Wednesday, August 1, 2012


When I went to Maeve Binchy's web site this afternoon , I was sorry to read the following :

It is with immense sadness that we announce the death of Maeve Binchy on 30 July, in Dublin. Her husband Gordon Snell and her sister Joan Ryan were at her side. 

Maeve was a weaver of magic whose stories touched  the hearts of millions. She died far too soon; she had many more stories to tell.

She will be sorely missed by her family, her friends, her publishers and her readers throughout the world.

After reading  Maeve Binchy's debut novel, Light a Penny Candle  in 1982, I quickly added her to my list  of  favorite authors. I admire her gift for story telling, and consider her  best-selling Circle of Friends,  about the intimate story of friendship one of her  best. Perhaps it's because of my Irish ancestry, I like her novels so well, especially the fact they  are set in Ireland, and often deal with the emotional struggle between folks there. How they rise and fall, and rise again.

Cindy Shanks writing for Helium describes her novels as a gentle but addictive read. "Her books remind you of an intimate conversation with a close friend."

Prior to her success as a writer of novels and short stories, Binchy was a  teacher, then a journalist for the Irish Times. It's seems unbelievable her first book was rejected five times. Especially since  today her books  outsell those of other top Irish writers, such as Oscar Wilde, James Joyce, W.B. Yeats, Edna O'Brien and Roddy Doyle.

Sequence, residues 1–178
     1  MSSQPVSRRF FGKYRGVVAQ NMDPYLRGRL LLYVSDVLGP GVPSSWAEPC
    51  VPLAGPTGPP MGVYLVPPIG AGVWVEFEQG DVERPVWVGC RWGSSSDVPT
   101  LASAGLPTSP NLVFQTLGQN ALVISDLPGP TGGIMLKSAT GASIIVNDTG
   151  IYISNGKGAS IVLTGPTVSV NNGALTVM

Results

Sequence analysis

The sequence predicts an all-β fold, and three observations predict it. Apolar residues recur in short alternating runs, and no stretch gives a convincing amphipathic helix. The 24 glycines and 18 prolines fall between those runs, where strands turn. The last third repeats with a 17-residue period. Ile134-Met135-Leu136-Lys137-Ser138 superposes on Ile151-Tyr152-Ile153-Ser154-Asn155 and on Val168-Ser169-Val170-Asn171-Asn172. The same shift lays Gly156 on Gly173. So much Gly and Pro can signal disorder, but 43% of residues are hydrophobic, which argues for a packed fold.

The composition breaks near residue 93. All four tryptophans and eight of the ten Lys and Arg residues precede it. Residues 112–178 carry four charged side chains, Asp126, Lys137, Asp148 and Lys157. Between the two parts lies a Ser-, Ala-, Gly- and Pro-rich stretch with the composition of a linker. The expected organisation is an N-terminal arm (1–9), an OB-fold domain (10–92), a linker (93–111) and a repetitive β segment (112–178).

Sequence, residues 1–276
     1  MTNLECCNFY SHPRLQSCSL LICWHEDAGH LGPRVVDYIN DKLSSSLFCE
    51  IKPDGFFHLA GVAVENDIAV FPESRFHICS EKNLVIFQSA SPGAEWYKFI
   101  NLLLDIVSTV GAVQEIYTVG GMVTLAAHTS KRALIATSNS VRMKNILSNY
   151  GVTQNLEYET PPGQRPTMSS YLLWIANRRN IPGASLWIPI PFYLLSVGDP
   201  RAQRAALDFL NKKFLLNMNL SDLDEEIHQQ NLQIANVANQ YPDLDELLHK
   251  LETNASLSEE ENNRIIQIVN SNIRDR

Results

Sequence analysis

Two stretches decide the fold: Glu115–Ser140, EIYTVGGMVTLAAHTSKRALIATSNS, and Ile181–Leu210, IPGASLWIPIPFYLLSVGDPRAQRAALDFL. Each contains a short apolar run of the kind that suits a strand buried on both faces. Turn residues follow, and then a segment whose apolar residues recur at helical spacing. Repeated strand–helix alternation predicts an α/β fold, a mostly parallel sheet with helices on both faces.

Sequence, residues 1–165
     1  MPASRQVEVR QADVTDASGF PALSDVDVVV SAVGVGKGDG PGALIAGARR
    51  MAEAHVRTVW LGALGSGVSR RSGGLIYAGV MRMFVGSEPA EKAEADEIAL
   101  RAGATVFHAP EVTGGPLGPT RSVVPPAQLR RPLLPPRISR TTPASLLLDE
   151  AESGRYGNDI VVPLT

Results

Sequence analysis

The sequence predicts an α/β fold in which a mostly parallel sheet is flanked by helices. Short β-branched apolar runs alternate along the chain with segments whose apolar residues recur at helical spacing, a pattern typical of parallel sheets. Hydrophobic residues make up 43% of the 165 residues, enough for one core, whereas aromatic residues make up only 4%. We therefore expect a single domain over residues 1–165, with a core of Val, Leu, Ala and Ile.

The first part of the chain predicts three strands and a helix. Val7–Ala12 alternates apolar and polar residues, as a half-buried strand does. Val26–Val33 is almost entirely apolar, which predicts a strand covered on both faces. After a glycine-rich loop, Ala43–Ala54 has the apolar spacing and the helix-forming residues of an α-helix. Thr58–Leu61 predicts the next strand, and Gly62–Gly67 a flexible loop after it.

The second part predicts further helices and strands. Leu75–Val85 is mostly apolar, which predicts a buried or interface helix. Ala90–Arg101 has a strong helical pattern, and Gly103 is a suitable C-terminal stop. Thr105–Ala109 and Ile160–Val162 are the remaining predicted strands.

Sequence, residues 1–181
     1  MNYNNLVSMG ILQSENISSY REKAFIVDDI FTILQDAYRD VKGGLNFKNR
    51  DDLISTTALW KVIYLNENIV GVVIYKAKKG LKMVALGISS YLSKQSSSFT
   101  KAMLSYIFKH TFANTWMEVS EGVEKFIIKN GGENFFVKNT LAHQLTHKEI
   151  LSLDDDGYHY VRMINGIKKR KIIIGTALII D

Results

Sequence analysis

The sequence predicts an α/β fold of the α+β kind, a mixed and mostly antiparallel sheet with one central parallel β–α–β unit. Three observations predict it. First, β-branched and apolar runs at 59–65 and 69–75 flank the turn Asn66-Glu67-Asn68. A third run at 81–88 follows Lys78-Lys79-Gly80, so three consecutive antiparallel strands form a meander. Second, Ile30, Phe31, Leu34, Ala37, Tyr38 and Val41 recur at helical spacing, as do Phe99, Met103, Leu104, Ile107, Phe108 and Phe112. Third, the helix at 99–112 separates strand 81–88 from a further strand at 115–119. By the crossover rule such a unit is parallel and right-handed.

Binchy received many literary awards , including the Irish PEN /AT Cross Award, joining such luminaries as John B. Keane, Brian Friel, Edna O'Brien and William Trevor. In 2010 , she received a lifetime achievement award from the Irish Book Awards.

With her characteristic Irish charm Binchy  encourages  writers  in her  book, The Maeve Binchy Writer's Club -  Advice, inspiration and information on writing and getting published.   "The most important thing to realize is that everyone is capable of telling a story. If you scribble story ideas on the back of receipts...if you file away bits of overheard conversation from the coffee shop...if you've already chosen the perfect pen name..well, then the journey has begun."

Maeve leaves   us with  an insight into her character, and what she believed important when  she wrote on her homepage:

The happiest moments of my life are connected with family and friends. There is a great comfort about being with people who knew you way back when. There is a mental shorthand, an easy -going feeling that life doesn't have to be explained or defined; we are all in more or less the same boat. To have a community around you in a changing and unstable world is invaluable and nothing can beat the feeling that there will always be people out for our good.

Maeve Binchy (1940 - 2012)   RIP +


Anonymous said...

Love Maeve Binchy books. I will go back now an reread them. There will be no more but so grateful for what she has given to those who love a great story.

thank you Maeve Binchy for making life better!


Patty said...

Nicely written, Kath. I'm sure she would have appreciated your tribute.

Jennifer Lamont Leo said...

So sad. I loved Maeve Binchy's books. She brought Ireland to my doorstep.